Online Program

Sleep disorders in patients with CVD and diabetes: Association or causation?

Tuesday, November 5, 2013 : 1:00 p.m. - 1:15 p.m.

Susan Redline, MD, MPH, Brigham and Women's Hospital, Harvard Medical School, Boston, MA
Approximately 80% of cardiovascular disease (CVD) may be prevented by addressing traditional behavioral risk factors such as physical inactivity, poor diet, and tobacco smoking and by preventing or treating overweight, dyslipidemia and hypertension. Recent data indicate that sleep disturbances-in particular, short sleep duration, insomnia, and sleep apnea- may be novel, modifiable risk factors for CVD and diabetes, which if targeted appropriately may reduce CVD morbidity and mortality, with particular relevance to ethnic minorities who have a high prevalence of sleep disorders. Sleep disturbances likely increase cardio-metabolic risk via effects on diet and activity, as well as directly through effects on the hypothalamic-pituitary-adrenal axis, the autonomic nervous system, pro-inflammatory hormone release, glucose intolerance, and blood pressure. Experimental studies show that acute sleep deprivation and overnight hypoxemia each can trigger immediate surges in nocturnal blood pressure and alter mechanisms important in blood pressure control, endothelial function and atherosclerosis. Epidemiologic studies find that nightly sleep duration of under 6 hours is associated with a 20-50% increased odds of hypertension, stroke, and CVD mortality. A systemic review estimated that insomnia is associated with relative risks for CVD of 1.5 to 3.9. Sleep apnea has been shown to increase risk for hypertension,, coronary artery disease, heart failure, arrhythmias, and stroke. Treatment of sleep apnea is estimated to reduce blood pressure by an average of 3 mmHg and improve insulin resistance. Integration of sleep disorders screening and treatment in clinical practice may help reduce both CVD morbidity as well as improve quality of life associated with improved sleep.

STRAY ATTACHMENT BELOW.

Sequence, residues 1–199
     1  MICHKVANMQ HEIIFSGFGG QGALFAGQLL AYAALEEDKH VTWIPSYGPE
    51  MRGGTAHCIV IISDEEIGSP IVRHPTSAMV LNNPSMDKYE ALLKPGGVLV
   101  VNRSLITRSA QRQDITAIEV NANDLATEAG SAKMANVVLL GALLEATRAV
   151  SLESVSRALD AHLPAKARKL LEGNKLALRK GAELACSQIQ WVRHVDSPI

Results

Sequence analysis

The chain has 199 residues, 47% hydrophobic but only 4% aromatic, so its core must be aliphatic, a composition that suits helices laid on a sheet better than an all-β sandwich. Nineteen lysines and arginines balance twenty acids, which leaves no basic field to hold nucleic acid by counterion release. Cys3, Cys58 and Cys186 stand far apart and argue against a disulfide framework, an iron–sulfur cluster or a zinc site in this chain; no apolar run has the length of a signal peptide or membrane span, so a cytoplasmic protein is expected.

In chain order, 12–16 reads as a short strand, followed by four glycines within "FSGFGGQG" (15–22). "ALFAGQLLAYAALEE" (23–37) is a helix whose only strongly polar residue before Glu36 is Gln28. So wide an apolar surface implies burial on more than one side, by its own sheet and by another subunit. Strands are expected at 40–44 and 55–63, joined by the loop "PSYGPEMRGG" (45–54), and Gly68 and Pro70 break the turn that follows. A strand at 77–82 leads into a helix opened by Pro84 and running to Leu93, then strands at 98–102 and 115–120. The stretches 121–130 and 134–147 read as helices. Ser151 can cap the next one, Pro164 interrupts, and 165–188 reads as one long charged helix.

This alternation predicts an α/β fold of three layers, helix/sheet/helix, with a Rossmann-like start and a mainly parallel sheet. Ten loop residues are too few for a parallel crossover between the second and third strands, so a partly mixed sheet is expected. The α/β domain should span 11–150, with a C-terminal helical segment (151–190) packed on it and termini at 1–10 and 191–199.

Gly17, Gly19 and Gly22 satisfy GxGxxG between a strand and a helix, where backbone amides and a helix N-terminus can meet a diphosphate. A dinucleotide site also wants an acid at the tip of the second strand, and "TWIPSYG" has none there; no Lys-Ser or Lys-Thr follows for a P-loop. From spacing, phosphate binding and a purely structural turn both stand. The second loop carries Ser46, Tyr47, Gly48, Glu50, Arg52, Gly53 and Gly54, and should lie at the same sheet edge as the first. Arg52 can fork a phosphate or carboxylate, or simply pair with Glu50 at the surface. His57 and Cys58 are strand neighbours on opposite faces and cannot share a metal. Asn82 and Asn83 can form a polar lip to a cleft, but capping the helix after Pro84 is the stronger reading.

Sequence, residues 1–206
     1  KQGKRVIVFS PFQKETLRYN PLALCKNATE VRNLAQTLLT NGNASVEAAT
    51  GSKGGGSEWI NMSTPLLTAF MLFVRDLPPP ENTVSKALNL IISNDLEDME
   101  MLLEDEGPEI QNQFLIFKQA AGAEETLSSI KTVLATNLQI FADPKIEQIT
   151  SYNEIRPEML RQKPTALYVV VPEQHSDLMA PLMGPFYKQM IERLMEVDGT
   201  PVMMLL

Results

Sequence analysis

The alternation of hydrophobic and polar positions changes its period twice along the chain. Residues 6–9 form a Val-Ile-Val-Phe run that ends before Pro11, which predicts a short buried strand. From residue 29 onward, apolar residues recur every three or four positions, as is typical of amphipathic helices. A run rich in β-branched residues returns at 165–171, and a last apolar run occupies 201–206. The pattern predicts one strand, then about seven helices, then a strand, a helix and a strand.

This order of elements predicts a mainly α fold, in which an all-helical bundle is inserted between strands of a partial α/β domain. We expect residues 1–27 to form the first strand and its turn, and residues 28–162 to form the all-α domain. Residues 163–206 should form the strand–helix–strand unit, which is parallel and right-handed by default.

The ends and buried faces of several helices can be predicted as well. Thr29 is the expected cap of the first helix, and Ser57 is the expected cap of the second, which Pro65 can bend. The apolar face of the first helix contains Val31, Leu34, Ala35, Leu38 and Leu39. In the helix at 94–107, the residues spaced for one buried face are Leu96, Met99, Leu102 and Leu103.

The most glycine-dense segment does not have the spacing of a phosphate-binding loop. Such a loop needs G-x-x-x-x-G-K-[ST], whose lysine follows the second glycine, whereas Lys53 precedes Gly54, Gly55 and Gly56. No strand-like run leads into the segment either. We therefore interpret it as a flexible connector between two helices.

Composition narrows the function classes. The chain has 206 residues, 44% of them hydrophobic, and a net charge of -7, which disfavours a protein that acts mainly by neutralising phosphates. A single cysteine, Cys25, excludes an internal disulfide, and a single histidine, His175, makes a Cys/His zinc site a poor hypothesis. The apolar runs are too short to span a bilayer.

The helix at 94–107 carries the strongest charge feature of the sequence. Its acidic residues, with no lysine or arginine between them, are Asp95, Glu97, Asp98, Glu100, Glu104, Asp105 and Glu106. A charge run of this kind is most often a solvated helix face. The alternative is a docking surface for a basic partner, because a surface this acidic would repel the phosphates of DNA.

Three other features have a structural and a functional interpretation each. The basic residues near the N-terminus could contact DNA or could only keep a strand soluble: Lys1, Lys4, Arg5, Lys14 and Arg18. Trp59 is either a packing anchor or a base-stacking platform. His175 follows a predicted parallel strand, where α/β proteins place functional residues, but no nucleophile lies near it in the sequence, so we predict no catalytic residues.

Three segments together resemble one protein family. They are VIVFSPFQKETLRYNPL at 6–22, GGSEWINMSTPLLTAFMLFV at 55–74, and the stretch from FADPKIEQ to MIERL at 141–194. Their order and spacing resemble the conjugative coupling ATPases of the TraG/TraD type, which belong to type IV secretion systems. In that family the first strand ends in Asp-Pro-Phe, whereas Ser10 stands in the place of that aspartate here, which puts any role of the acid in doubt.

Learning Areas:

Other professions or practice related to public health
Public health biology

Learning Objectives:
Describe the prevalence of sleep apnea and insufficient sleep in diabetes, coronary artery disease and cerebrovascular disease. Explain the causal links between sleep disorders and diabetes/vascular disease Discuss the role of sleep interventions in reducing diabetes/CVD morbidity.

Keyword(s): Epidemiology, Disease Management

Presenting author's disclosure statement:

Qualified on the content I am responsible for because: I am qualified to be an abstract Author on the content I am responsible for because I have been the PI on multiple federally funded projects focused on the epidemiology of sleep disorders and their relationship to cardiovascular disease.My research has focused on identifying cardiovascular outcomes of sleep disorders and impact of sleep disorders treatment on cardiovascular disease.
Any relevant financial relationships? No

I agree to comply with the American Public Health Association Conflict of Interest and Commercial Support Guidelines, and to disclose to the participants any off-label or experimental uses of a commercial product or service discussed in my presentation.